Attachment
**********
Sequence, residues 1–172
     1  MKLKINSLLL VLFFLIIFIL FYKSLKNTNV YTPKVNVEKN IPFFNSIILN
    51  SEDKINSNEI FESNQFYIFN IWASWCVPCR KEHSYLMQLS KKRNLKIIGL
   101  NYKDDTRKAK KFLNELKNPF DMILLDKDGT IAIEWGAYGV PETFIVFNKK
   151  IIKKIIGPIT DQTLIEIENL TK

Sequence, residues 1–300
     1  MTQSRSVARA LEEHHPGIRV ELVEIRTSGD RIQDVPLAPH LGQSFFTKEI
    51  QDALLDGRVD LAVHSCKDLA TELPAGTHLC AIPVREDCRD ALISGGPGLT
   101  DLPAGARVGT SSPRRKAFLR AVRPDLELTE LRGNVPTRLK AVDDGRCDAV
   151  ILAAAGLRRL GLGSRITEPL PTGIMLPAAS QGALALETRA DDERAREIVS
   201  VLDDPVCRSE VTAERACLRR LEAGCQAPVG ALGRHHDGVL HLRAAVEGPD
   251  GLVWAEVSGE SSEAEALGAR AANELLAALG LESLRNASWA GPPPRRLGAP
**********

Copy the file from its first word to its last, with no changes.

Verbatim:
Sequence, residues 1–172
     1  MKLKINSLLL VLFFLIIFIL FYKSLKNTNV YTPKVNVEKN IPFFNSIILN
    51  SEDKINSNEI FESNQFYIFN IWASWCVPCR KEHSYLMQLS KKRNLKIIGL
   101  NYKDDTRKAK KFLNELKNPF DMILLDKDGT IAIEWGAYGV PETFIVFNKK
   151  IIKKIIGPIT DQTLIEIENL TK

Sequence, residues 1–300
     1  MTQSRSVARA LEEHHPGIRV ELVEIRTSGD RIQDVPLAPH LGQSFFTKEI
    51  QDALLDGRVD LAVHSCKDLA TELPAGTHLC AIPVREDCRD ALISGGPGLT
   101  DLPAGARVGT SSPRRKAFLR AVRPDLELTE LRGNVPTRLK AVDDGRCDAV
   151  ILAAAGLRRL GLGSRITEPL PTGIMLPAAS QGALALETRA DDERAREIVS
   201  VLDDPVCRSE VTAERACLRR LEAGCQAPVG ALGRHHDGVL HLRAAVEGPD
   251  GLVWAEVSGE SSEAEALGAR AANELLAALG LESLRNASWA GPPPRRLGAP